It's everyone's favourite buzzword. But who is really making waves, and how will it affect the next generation of businesses?

It's everyone's favourite buzzword. But who is really making waves, and how will it affect the next generation of businesses?

The Oxford English Dictionary word of the year was, a touch unimpressively, 'selfie'. But in 2013 the business world was fawning over another term entirely. Whatever your industry, whoever you were selling to and wherever you were, one thing was clear: you needed to be disruptive.

It's little surprise, however, that while every marketing and PR professional gleefully jumped on the bandwagon in proclaiming that absolutely everything their respective companies were producing was disruption defined, only a fraction of endeavours truly embodied the sentiment.

As the dust settles and the overuse of the word begins to calm, it's worth considering what disruption truly is: to be better without apology, and to be different in defiance of what has gone before. Much like innovation, it is a rare thing, but unlike innovation it displaces as much as creates. Vitally it is an invention that can scale and consolidate a position from that firebrand foundation - rarer still. That said, true disruption can still be found, and some notable trends along with it.

Drawing from UGC

User Generated Content was another term of the moment, and arguably any development that brings the potential for greatness to otherwise likely-overlooked ideas will disrupt not only in its initial creation, but in the ripples it can cause. Kickstarter calls for the world to generate business plans and products, or to help those that do.

A modernisation of bartering services in return for finance, it has turned the concept of funding on its head. It has in doing so also brought the idea of trending and popularity to securing finance - it has never been easier to see what the public wants as they vote with their bank accounts - over $950 million across 55,000 projects.

Comment has been passed that the five per cent share that Kickstarter takes is too small to secure VC investment, but it could be equally argued that trying to box the company back in to traditional investment routes misses the point entirely. A huge number of like-minded start-ups are taking the lead from this pioneering start, each with their own spin - it will be interesting to see which models are build for true scalability, and whether Kickstarter's own long-term game plan will subsequently evolve.

Everything faster

Amazon should be commended not just for innovating while holding market leadership, but for working hard to disrupt, too. They, along with Google and eBay, are beginning to leverage courier services and networks of local sellers to finally solve the one hurdle to securing countless impulse buys: same-day delivery that's also affordable. Amazon's hard-fought marketplace dominance, powerful infrastructure and cutting-edge warehousing distribution strategies - drones included - could well see them come out on top.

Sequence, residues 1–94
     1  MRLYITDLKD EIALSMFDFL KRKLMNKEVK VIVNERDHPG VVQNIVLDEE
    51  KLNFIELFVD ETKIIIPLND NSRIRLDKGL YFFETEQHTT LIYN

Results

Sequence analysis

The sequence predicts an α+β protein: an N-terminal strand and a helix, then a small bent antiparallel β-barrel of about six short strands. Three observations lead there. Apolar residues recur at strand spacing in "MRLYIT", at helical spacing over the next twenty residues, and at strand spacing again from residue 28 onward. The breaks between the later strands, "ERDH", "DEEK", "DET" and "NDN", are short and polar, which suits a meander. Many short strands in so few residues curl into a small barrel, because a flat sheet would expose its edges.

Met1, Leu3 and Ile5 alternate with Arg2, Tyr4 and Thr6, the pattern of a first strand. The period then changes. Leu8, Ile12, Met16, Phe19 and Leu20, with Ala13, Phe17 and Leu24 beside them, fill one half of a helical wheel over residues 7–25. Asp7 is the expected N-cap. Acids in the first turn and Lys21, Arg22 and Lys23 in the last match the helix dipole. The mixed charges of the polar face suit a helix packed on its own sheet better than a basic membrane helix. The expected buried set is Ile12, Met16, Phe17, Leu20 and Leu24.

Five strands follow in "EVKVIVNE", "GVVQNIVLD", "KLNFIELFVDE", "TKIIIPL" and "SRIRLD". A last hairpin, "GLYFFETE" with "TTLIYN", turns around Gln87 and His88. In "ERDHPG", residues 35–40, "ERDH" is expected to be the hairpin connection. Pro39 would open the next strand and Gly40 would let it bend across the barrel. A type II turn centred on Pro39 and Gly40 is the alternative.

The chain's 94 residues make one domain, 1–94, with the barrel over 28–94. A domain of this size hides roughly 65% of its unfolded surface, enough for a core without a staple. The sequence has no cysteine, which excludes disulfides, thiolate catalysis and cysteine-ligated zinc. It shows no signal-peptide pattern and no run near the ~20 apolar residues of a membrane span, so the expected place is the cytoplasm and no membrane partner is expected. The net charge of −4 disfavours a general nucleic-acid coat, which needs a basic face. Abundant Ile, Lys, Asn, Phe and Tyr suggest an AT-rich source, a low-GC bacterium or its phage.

On the other end of the spectrum, IBM are delivering something entirely different at a speed thus far thought impossible. Big data has brought with it a bottlenecking of its flow: as data warehousing becomes ever more commonplace, moving it becomes far more pressing an issue. Silicon Integrated Nanophotonics use light pulses to transmit that data, and will without question change all forms of storage: servers, datacenters, supercomputers. The unstoppering that comes with this hyper highway can only bring further disruption along with it.

No more traditions

The wealth of disruptive accomplishment spreading across the world sends a message to every company and industry still wallowing in tradition: do better, think bigger and work differently or lose everything. No sector is safe. Upstart company Settled launches in the UK this year, intent on taking property selling back into the hands of its owners and bypassing traditional estate agent routes. Gumroad - a digital content selling platform that threatens even Paypal's position, has opened its doors to payments from Japan and has further plans for international expansion. blur Group will continue to challenge and encourage digital business services buying and selling worldwide.

It is nothing but good news. The constant clamour of disruption not only yields new possibility but ensures that those ahead of the game have good reason to continue innovating. It remains to be seen who will shine in 2014, but it's certain that they will have to work hard to get there.

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